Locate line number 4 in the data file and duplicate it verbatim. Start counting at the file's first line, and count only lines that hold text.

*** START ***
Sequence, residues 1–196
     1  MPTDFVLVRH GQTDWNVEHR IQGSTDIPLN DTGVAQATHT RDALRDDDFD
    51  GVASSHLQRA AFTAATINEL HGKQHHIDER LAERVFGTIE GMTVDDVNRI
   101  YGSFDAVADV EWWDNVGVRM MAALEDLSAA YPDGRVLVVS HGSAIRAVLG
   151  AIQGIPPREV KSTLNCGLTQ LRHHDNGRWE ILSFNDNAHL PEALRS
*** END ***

   101  YGSFDAVADV EWWDNVGVRM MAALEDLSAA YPDGRVLVVS HGSAIRAVLG